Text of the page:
Our style is almost as long as our component 😅.

:host { display: block; position: absolute; top: 0; left: 0; right: 0; bottom: 0; z-index: 1; visibility: hidden; opacity: 0; background: rgba(0, 0, 0, 0.8); transition: opacity 250ms ease-in; pointer-events: none; } :host(.visible) { visibility: inherit; opacity: 1; pointer-events: all; cursor: pointer; } div { position: absolute; top: 50%; left: 50%; transform: translate(-50%, -50%); color: white; font-size: 4rem; }

Bonus

I also wrote a small component to display to keyboard events for the demo purpose, the first Gif of this article. If interested, here’s its code. Nothing particular regarding what we already have implemented.

The only “tricks” to be aware of are these linked to arrays. If you are manipulating one, you have to create new one to trigger a new call of the function render . Moreover, if it is dynamically rendered, it is safer to set a key attribute to each items.

import {Component, h, Listen, State} from '@stencil/core'; @Component({ tag: "konami-keys", shadow: true, }) export class MyKeys { @State() private keys: string[] = []; @Listen("keydown", { target: "document" }) onKeydown($event: KeyboardEvent) { this.keys = [...this.keys, $event.code]; // 10 being the length of the Konami Code if (this.keys.length > 10) { this.keys.shift(); } } render() { return this.keys.map((key: string, i: number) => { return <span key={i}>{this.renderKey(key)}&nbsp;</span>; }); } private renderKey(key: string) { if (key=== "ArrowUp") { return "⬆️"; } else if (key=== "ArrowDown") { return "⬇️"; } else if (key=== "ArrowLeft") { return "⬅️"; } else if (key=== "ArrowRight") { return "➡️"; } else if (key=== "KeyB") { return "🅱️"; } else if (key=== "KeyA") { return "🅰️"; } else { return key; } } }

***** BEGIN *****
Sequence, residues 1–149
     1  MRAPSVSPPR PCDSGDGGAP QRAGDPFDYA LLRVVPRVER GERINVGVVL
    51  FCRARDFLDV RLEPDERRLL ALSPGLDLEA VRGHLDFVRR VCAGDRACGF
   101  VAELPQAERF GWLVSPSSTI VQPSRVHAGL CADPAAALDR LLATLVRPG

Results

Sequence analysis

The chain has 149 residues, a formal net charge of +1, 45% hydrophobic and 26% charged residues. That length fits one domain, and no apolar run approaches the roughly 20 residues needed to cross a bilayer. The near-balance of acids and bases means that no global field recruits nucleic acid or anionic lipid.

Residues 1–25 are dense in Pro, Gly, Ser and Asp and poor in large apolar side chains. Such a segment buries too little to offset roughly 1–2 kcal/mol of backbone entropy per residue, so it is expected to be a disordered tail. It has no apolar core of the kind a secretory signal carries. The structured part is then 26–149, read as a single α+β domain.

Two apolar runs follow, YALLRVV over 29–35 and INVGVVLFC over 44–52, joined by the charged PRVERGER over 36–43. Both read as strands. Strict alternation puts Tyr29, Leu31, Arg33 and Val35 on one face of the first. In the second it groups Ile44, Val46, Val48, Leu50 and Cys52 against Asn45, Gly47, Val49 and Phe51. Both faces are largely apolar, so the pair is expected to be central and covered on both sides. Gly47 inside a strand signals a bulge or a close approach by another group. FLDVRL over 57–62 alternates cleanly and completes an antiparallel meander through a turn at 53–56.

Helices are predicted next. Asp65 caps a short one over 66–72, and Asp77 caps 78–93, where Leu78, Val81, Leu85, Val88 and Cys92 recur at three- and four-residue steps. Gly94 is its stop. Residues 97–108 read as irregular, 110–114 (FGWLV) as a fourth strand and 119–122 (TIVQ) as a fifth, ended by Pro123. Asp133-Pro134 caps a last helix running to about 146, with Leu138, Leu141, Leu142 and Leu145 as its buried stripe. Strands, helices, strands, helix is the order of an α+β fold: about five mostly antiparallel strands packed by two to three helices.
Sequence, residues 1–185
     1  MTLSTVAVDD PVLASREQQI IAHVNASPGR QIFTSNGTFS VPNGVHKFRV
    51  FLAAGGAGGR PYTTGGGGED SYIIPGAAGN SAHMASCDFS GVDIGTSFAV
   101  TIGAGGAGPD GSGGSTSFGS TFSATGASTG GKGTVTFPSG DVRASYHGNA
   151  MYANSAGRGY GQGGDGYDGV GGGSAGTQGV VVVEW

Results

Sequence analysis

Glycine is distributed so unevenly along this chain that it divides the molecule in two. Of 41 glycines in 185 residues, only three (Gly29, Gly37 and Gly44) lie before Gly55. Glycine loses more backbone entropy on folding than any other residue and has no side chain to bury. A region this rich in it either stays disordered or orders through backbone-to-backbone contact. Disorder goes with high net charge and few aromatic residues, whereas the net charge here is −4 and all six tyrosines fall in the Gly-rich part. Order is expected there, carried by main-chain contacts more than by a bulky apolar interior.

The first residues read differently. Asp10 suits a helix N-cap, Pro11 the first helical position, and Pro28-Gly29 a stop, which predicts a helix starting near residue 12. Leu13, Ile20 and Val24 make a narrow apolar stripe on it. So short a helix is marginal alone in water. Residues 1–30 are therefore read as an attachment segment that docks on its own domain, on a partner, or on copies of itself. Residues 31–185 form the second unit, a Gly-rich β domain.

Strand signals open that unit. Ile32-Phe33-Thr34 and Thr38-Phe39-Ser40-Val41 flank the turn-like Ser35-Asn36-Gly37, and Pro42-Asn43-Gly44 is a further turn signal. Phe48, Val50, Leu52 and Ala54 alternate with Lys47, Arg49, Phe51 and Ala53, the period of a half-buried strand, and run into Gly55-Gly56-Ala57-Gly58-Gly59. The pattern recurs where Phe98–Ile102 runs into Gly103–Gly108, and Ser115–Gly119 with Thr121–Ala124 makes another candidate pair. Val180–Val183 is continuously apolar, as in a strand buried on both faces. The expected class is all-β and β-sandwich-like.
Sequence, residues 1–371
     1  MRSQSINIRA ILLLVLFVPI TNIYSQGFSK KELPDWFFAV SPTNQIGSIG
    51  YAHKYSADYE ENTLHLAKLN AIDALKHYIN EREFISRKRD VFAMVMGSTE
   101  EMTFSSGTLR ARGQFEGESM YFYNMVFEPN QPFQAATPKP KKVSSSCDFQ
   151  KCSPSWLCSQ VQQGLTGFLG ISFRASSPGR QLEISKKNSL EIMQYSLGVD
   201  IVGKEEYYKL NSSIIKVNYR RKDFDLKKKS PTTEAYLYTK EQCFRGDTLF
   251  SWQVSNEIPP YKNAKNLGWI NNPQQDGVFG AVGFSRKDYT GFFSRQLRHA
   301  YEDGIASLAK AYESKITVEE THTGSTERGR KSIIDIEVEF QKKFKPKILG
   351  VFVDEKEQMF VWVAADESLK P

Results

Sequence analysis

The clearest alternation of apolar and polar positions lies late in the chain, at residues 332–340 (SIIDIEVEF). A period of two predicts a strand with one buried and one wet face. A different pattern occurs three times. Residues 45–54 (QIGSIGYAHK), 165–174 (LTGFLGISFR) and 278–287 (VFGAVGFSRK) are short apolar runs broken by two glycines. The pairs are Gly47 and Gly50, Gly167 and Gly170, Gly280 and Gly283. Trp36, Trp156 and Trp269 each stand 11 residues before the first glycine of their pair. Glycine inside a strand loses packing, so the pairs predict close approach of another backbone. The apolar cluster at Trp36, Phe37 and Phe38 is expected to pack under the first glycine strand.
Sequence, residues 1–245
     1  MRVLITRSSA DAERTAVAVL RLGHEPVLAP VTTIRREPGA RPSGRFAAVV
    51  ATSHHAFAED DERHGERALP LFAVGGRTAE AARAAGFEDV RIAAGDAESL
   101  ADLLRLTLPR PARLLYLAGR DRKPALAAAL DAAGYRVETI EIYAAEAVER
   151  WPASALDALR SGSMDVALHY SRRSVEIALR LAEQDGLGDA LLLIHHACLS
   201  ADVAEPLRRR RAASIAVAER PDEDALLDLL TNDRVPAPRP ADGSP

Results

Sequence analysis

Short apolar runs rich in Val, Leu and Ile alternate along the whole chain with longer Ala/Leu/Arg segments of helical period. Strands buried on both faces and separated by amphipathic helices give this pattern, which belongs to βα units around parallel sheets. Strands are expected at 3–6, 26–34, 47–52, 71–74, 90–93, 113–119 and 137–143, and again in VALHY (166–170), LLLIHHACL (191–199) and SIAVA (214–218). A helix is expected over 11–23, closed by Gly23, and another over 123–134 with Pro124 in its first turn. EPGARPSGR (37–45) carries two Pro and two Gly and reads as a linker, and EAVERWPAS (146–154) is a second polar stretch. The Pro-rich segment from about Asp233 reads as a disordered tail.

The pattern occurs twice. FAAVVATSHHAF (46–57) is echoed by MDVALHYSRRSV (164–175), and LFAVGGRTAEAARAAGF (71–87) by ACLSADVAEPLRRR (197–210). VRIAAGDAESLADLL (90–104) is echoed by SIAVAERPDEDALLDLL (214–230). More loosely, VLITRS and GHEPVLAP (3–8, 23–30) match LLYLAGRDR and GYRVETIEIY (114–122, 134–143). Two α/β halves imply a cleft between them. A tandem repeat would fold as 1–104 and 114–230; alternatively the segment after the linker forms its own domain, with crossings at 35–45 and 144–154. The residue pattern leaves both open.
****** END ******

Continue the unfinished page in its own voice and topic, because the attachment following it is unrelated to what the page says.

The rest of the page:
Summary

I am aware none of these 35 daily blog posts have helped or will help solved the current crisis. However, I hope that maybe they might help someone, somewhere, someday.

Stay home, stay safe!

David